Issues with communication can also cause a person to go with less fluids if they are unable to communicate their needs, whether it’s that they feel thirsty, they are struggling to hold their drink, they frequently spill or are unable to pour themselves a drink from a jug due to its weight. There are many contributing factors that impact on how much fluid a person is able to access or drink. 

This also applies not only to those utilising health and social care services, but also those providing it. Care workers can often become dehydrated during busy and long shifts – there can be increased physical activity, they are short of time or distracted, etc. During COVID-19 and the need to wear full PPE, this has also become a contributing factor of workers being at increased risk of dehydration.

What are the Symptoms of Dehydration in Adults?

It is worth considering that many of the reasons that hinder a person’s fluid intake can also apply to their food intake and therefore poor nutrition (malnutrition) can often run alongside poor hydration (dehydration).

Some signs and symptoms of dehydration in adults, described by the NHS are:

  • Feeling thirsty.
  • Dark yellow and strong smelling urine.
  • Feeling dizzy or lightheaded.
  • Feeling tired.
  • Headache.
  • Confusion.
  • A dry mouth, lips and eyes.
  • Constipation.
  • Urinating small amounts and fewer than four  times a day.

Some signs and symptoms of malnutrition in adults, described by the NHS are:

  • Unintentional weight loss.
  • Reduced appetite.
  • Lack of interest in food and drink.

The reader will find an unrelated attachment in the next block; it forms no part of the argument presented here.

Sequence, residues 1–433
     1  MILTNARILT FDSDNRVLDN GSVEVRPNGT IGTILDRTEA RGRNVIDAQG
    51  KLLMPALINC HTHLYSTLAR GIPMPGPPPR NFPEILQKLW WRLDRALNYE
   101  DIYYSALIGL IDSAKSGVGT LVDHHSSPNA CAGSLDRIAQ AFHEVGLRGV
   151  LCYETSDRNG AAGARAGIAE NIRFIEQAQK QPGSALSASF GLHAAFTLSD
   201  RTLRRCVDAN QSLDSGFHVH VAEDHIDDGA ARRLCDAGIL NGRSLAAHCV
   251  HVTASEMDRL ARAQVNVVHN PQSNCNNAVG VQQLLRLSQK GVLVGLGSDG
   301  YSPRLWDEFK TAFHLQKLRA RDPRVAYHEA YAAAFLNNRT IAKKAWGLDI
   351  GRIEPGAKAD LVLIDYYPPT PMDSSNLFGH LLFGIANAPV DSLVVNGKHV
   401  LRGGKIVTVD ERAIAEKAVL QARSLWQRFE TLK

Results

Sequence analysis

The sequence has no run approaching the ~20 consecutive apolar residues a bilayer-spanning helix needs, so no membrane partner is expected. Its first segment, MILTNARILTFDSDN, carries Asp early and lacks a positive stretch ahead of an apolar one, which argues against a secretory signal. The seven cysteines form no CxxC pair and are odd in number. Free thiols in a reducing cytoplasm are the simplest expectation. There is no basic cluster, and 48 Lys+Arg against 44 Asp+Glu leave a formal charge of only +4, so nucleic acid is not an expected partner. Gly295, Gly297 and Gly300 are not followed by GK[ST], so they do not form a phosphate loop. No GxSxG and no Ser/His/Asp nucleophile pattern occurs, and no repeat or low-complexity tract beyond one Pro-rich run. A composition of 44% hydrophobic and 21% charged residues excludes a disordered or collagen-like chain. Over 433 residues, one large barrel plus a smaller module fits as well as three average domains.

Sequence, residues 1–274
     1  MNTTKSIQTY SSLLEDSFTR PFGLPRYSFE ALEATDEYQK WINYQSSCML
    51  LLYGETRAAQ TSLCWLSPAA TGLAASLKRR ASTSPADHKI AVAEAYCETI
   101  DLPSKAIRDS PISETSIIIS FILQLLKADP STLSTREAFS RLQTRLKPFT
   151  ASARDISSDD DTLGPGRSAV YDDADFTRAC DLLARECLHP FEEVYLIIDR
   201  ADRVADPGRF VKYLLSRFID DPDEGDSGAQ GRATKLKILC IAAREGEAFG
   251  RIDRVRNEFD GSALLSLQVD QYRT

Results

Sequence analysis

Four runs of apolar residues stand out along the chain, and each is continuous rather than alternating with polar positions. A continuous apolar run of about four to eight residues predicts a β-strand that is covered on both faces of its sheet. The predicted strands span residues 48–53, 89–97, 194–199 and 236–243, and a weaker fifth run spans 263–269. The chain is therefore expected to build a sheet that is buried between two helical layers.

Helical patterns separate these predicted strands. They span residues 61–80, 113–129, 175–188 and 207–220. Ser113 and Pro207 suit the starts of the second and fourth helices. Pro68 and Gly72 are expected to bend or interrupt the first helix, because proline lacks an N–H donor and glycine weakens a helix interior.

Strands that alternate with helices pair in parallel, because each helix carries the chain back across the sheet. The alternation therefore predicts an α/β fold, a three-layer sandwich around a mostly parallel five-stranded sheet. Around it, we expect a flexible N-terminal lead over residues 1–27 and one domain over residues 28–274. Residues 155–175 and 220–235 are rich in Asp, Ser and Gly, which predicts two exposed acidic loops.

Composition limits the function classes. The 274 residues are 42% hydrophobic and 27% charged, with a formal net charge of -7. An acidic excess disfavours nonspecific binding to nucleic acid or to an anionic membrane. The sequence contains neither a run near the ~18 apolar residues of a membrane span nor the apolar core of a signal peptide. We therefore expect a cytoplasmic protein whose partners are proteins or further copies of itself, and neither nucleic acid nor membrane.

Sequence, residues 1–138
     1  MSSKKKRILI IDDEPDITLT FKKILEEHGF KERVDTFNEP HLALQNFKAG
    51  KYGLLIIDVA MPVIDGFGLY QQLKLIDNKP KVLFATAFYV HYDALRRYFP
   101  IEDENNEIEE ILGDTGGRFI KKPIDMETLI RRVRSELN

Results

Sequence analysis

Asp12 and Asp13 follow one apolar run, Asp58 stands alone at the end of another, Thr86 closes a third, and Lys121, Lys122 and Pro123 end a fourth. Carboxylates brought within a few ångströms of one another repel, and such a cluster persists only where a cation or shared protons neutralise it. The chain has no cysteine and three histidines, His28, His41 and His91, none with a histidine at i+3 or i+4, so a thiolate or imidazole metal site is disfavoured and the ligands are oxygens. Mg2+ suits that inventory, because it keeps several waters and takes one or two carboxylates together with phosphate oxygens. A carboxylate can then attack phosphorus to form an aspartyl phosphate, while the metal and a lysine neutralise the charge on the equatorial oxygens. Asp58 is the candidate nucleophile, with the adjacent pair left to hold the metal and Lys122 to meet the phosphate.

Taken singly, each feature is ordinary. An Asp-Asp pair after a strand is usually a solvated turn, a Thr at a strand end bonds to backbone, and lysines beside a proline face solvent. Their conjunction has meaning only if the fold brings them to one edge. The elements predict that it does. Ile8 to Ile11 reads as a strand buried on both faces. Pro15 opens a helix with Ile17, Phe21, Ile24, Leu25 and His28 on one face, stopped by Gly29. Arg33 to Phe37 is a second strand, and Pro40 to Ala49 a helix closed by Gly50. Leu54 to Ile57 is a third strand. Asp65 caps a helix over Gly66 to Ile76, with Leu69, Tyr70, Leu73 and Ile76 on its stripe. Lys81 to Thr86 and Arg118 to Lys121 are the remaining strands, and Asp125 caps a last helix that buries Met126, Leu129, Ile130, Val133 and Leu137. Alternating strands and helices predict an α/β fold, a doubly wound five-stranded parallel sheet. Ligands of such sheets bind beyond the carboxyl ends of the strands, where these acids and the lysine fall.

• Feeling tired all the time.
  • Feeling weaker.
  • Getting ill often and taking a long time to recover.
  • Wounds taking a long time to heal.
  • Poor concentration.
  • Feeling cold most of the time.
  • Low mood or depression.

Bear in mind the symptoms for children under five can be slightly different to that of adults and require treatment to be sought quickly. 

Some signs and symptoms of dehydration in children, described by the NHS are:

  • They seem drowsy.
  • Fast breathing.
  • Have few or no tears when they cry.
  • Have a soft spot on their head that sinks inwards (sunken fontanelle).
  • Have a dry mouth.
  • Have dark yellow urine or have not urinated in the last 12 hours.
  • Have cold and blotchy-looking hands and feet.

Some signs and symptoms of malnutrition in children, described by the NHS are:

  • Not growing or putting on weight at the expected rate.
  • Behaviour changes, such as being unusually irritable, slow or anxious.
  • Low energy levels and tiring more easily than other children.